III. THERE WAS INSUFFICIENT EVIDENCE TO CONCLUDE THAT A "FIREARM" WAS USED, BUT RATHER BASED ON THE SWORN TESTIMONY OF THE OWNER OF THE GUN, IT WAS MERELY A REPLICA SINCE ITS BARREL WAS STUFFED WITH A WOODEN DOWEL, THE CASING WAS ROTTED AND HAD NO FIRING PIN OR STOCK. THEREFORE, THE "GUN" ALLEGEDLY USED WAS NEITHER A "FIREARM" OR A "WEAPON" WITHIN THE MEANING OF N.J.S.A. 2C:39-1.
IV. MICHAEL'S RIGHT TO DUE PROCESS AND A FAIR TRIAL WAS VIOLATED DUE TO PROSECUTORIAL MISCONDUCT IN THAT THE PROSECUTOR POINTED OUT THE DEFENDANT AS "MIKE" AT THE WADE HEARING AND FAILED TO DISCLOSE EXCULPATORY EVIDENCE RELATING TO BOTH GUILT AND SENTENCING .
V. DEFENDANT WAS DEPRIVED OF EFFECTIVE ASSISTANCE OF COUNSEL CONTRARY TO THE RIGHTS GUARANTEED BY THE NEW JERSEY AND UNITED STATES CONSTITUTIONS.
VI. THERE WAS NO BASIS IN THE RECORD TO JUSTIFY THE IMPOSITION OF THE LONGEST SENTENCE LEGALLY POSSIBLE BY DEVIATING FROM THE PRESUMPTIVE SENTENCES, MAKING
THOSE MAXIMUM SENTENCES CONSECUTIVE AND IMPOSING THE MAXIMUM PERIOD OF PAROLE INELIGIBILITY TO ARRIVE AT A 35 YEAR SENTENCE WITH A 15 YEAR PAROLE DISQUALIFIER. THE COURT ABUSED ITS DISCRETION BY IMPOSING A PATENTLY EXCESSIVE, DISPROPORTIONATE AND DISPARATE SENTENCE (PARTIALLY RAISED BELOW).
We have carefully considered these contentions and all the supporting arguments advanced by defendant and find that, with the sole exception of the failure of the trial court to assign the parole ineligibility term to any specific sentences or specific counts of the indictment, they are clearly without merit. R. 2:11-3(e)(2). Before turning to the issue of the legality of the parole ineligibility term, further comment is appropriate with respect to some of defendant's contentions.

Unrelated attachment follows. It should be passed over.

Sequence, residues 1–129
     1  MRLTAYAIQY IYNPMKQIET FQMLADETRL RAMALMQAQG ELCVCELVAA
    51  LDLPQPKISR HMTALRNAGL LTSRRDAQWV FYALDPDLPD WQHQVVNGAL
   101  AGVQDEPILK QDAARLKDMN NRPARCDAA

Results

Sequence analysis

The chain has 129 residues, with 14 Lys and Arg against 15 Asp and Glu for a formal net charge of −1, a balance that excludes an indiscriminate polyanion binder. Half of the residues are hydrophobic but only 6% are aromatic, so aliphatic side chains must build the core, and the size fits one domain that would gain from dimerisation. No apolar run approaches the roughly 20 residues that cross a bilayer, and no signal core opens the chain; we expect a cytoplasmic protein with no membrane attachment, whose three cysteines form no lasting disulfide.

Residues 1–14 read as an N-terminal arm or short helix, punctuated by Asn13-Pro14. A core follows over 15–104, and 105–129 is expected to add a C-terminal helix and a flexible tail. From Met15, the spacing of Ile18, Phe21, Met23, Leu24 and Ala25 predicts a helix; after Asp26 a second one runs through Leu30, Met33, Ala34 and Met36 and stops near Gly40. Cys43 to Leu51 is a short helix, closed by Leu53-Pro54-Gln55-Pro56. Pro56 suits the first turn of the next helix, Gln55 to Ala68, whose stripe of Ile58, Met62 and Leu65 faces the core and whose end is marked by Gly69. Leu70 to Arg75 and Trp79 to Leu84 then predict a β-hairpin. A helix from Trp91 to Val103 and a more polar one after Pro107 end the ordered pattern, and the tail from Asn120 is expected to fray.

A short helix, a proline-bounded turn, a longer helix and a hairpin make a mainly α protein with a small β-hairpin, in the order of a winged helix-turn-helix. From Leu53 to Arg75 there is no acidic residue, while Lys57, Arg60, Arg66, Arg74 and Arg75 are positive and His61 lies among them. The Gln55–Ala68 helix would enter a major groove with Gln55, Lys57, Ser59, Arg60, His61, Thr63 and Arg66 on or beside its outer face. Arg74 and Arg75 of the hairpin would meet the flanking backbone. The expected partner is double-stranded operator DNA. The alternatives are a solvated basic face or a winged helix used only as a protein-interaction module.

We are satisfied from our study of the record and the arguments presented that the trial court reasonably could have found that the pretrial photographic identification procedure was not so impermissibly suggestive as to give rise to a very substantial likelihood of irreparable misidentification. Neil v. Biggers, 409 U.S. 188, 199-201, 93 S. Ct. 375, 382-83, 34 L. Ed. 2d 401, 411 (1972); Simmons v. United States, 390 U.S. 377, 384, 88 S. Ct. 967, 971, 19 L. Ed. 2d 1247, 1253 (1968); State v. Madison, 109 N.J. 223, 232, 536 A.2d 254 (1988); State v. Ford, 79 N.J. 136, 398 A.2d 95 (1979), rev'g on Dissent 165 N.J. Super. 249, 254, 398 A.2d 101 (App.Div.1978); State v. Bono, 128 N.J. Super. 254, 262, 319 A.2d 762 (App.Div.), certif. denied, 65 N.J. 572, 325 A.2d 705 (1974). Impermissible suggestibility is to be determined by the totality of the circumstances attendant to the pretrial identification. The strength and credibility of the identification go to the weight that should be accorded the identification but is not the issue being tested in the admissibility proceeding. State v. Farrow, 61 N.J. 434, 451, 294 A.2d 873 (1972), cert. denied, 410 U.S. 937, 93 S. Ct. 1396, 35 L. Ed. 2d 602 (1973). As our Supreme Court observed in State v. Carter, 91 N.J. 86, 129, 449 A.2d 1280 (1982), "'[R]eliability is the linchpin in determining the admissibility of identification
Application of these fundamentally sound principles compels the Conclusion that the trial court did not err in finding that the victim's out-of-court photographic identification of defendant was admissible. Sufficient evidence was presented at the Wade hearing for the trial court to conclude that the identification procedure used did not create a very substantial likelihood of irreparable misidentification at the out-of-court or in-court identifications.